what you have written, checking that it makes sense, starts with a capital letter and ends with a full
    stop. Ask children if it sounds like a sentence from an information book.
             Continue writing, using the photographs and writing captions for them. Show children how to
    turn a descriptive sentence into a more formal one appropriate to an information text. Model the
    process and then ask children for suggestions for the next caption. Scribe an appropriate suggestion,
    showing children, as appropriate, how to apply phonic knowledge to spelling regular words.
             Using whiteboards, ask children to work in pairs to compose and write a sentence to form a
    caption for another photograph. Encourage them to rehearse the sentence first, counting words and
    checking as they write. Check and ask them to evaluate for appropriate style, capital letters, full
    stops.
             Ask children to write further sentences independently for another photograph caption.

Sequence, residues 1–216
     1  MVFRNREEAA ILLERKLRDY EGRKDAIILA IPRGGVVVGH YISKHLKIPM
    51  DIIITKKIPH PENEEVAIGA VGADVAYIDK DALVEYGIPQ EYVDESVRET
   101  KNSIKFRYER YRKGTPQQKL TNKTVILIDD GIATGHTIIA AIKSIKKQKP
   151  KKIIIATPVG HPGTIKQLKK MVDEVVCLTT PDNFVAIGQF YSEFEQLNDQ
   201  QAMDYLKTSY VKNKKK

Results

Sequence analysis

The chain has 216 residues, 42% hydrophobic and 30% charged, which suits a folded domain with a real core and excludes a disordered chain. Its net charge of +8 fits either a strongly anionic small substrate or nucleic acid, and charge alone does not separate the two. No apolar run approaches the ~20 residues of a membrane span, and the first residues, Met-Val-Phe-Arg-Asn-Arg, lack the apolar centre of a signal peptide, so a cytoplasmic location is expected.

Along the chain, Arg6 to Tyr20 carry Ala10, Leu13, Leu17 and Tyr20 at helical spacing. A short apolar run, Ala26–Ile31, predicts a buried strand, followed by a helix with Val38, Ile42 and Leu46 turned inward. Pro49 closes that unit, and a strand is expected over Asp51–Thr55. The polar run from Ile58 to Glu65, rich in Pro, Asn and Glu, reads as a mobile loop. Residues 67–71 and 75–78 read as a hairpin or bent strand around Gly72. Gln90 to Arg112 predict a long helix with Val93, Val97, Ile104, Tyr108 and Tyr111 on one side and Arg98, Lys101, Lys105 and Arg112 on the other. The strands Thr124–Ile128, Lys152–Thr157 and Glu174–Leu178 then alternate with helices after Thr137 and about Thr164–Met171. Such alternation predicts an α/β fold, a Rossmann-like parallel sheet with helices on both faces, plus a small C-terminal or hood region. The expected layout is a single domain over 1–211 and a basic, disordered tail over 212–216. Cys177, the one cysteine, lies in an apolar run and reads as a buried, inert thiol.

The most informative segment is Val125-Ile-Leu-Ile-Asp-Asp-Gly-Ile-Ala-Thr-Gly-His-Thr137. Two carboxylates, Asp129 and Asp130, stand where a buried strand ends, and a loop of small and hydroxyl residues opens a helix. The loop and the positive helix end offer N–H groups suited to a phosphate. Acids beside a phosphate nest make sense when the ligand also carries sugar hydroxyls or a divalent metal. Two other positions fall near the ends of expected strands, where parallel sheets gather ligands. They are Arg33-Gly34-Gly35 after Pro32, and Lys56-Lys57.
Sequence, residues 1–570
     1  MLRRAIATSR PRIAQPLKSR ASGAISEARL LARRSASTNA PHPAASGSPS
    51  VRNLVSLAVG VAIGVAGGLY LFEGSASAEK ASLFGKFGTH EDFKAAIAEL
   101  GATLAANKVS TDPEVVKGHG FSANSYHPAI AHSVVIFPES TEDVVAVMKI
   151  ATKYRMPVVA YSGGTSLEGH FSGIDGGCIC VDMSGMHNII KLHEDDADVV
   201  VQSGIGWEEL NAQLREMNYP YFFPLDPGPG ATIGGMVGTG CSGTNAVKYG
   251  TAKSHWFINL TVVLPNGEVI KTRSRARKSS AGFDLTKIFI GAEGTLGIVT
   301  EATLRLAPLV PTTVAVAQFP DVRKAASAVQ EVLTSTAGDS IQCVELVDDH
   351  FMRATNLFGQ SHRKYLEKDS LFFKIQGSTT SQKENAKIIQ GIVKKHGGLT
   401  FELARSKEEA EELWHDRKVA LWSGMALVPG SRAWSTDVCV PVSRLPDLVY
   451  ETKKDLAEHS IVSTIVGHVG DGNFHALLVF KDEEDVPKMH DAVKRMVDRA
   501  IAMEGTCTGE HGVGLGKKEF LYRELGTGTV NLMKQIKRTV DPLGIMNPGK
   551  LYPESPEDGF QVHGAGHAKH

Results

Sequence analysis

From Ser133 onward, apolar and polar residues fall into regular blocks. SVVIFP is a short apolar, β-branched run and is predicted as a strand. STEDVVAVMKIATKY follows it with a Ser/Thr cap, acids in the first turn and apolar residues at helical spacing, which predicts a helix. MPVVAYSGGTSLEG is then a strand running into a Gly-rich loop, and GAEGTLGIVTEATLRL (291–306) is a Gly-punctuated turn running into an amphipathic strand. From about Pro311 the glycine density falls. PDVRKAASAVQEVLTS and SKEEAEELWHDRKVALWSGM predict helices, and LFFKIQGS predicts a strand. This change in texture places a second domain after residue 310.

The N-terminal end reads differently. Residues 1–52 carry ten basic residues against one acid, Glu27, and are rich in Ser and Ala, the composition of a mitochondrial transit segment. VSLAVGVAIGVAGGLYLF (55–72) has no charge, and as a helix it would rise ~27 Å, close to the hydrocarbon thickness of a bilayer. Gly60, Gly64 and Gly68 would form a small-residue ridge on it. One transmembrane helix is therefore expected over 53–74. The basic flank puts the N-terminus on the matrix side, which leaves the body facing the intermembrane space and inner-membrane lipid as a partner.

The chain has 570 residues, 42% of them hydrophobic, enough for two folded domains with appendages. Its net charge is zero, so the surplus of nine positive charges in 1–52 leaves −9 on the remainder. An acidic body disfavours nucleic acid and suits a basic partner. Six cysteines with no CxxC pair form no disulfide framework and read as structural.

Encourage them to rehearse first and check carefully for sense, appropriateness and accuracy.
    Evaluate and take feedback.
             If appropriate, children could go on to write sentences for a 'Did you know...?' box.
             Choose a selection of the best contributions and add them to the main page. Add these to
    the original book, including the title in the correct place in an index and on the contents page.
    Evaluate against the checklist.

    Learning outcome:

            Children can write sentences for an information text in an appropriate style.
            This work could be repeated later, using different content and extending demand.
            Ensure that children have appropriate specific phonic input during this time